Many people who will be reading this are people I consider close friends who I have never met in person, people who I’ve cultivated relationships with online, some going all the way back to America Online and Triviana. Those are relationships of more than ten years apiece, and relationships that are treasured despite the lack of physical proximity. I did not grow up in the digital age, as my son did, and I think our children will have a better time of it navigating the often treacherous waters of digital friendships and romances than my generation has. Certainly in many ways we are the trailblazers; we’re the ones who discovered many of the pitfalls and heartaches that develop in online relationships.

Of heartaches and pitfalls there are many and most of them come out of lying about who you are or what your intentions are. Sad to say, most of those who do that kind of thing are men, who are basically offline as well as online all about sex, and that can come at a price to the women whom they show a different side to than the one that is truly them. The worst part is that some guys actually get off on using people and inflicting pain, and there’s no doubt that there are women like that as well, but far fewer in number.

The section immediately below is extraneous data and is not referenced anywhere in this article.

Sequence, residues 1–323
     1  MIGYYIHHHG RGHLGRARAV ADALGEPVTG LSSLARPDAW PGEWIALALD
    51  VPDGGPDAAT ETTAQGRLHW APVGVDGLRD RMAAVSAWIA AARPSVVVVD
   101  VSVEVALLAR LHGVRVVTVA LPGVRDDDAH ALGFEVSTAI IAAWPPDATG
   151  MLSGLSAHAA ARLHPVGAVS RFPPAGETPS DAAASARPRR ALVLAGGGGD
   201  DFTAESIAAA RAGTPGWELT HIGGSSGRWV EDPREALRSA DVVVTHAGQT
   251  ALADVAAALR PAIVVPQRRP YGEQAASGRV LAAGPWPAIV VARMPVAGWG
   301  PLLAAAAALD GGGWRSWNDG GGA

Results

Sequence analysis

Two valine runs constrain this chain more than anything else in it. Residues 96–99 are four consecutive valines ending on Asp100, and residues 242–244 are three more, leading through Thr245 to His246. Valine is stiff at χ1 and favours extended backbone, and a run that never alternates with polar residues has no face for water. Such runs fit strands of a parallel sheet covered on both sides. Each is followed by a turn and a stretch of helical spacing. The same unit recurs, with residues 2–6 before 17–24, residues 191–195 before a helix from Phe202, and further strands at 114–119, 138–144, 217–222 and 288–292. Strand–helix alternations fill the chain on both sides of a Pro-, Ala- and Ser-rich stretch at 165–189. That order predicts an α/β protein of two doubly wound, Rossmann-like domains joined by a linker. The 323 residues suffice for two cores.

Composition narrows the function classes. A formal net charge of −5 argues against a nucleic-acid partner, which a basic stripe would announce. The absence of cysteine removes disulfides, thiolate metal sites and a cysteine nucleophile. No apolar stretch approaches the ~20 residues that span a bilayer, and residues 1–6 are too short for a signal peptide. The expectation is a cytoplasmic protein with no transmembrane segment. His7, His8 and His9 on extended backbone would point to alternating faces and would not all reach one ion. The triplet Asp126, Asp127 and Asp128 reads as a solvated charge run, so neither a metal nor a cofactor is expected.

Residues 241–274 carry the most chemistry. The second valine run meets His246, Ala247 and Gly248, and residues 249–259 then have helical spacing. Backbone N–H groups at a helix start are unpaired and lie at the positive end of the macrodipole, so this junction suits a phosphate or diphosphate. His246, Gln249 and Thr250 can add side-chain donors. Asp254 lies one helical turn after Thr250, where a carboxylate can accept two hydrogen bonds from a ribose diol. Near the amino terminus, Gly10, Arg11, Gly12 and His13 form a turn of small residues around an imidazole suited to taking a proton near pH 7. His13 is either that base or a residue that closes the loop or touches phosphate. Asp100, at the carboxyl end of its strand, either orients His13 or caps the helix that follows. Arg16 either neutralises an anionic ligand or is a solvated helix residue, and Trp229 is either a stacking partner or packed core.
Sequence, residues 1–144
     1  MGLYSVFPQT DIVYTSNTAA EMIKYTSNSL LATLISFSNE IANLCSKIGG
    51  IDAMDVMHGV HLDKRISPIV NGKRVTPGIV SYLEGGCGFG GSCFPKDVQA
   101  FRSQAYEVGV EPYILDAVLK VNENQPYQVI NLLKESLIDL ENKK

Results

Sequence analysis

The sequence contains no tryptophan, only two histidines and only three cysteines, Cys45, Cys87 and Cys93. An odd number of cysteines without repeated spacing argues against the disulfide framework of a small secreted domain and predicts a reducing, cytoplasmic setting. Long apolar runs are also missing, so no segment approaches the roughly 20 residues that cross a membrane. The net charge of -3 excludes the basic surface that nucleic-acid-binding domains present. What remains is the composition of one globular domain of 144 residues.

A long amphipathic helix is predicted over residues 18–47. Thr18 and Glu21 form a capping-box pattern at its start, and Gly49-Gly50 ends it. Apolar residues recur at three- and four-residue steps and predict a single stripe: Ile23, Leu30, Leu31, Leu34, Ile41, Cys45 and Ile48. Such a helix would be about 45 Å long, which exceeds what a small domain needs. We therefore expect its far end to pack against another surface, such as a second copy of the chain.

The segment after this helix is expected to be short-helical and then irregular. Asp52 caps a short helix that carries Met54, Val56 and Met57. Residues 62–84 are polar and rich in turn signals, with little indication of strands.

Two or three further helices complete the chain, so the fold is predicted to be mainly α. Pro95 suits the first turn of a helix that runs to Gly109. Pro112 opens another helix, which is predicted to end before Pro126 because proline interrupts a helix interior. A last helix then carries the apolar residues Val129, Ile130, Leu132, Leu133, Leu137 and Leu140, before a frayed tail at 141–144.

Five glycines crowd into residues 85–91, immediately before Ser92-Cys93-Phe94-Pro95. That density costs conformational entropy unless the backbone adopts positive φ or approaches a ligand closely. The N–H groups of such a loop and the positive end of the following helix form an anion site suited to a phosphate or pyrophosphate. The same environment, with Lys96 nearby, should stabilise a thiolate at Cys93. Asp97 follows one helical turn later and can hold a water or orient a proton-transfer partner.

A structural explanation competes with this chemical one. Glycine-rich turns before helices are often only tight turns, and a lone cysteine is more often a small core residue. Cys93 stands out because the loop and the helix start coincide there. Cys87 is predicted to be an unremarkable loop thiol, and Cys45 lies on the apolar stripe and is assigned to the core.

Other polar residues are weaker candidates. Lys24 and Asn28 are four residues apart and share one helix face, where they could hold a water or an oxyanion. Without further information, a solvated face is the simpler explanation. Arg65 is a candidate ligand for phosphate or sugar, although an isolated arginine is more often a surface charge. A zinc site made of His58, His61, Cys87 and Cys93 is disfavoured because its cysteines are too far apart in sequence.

I’ve had my share of online heartache with friends who had different agendas than I did, or who dropped me like a rabid raccoon once they’d gotten what they need from me. Does it hurt any less just because the relationship was entirely online? Feelings are feelings and it doesn’t really matter if you’re online or not, it hurts to be used or abused no matter what the source is.

However, those are not just the pitfalls of online life, they are the pitfalls of life period. Anyone who puts themselves out there to be liked runs the risk of not being liked the way they want to be, or of running into someone who doesn’t mind using them or hurting them. That’s just the way the game is played unfortunately; if you don’t want to get dirty, don’t play in the mud and human relationships are full of mud.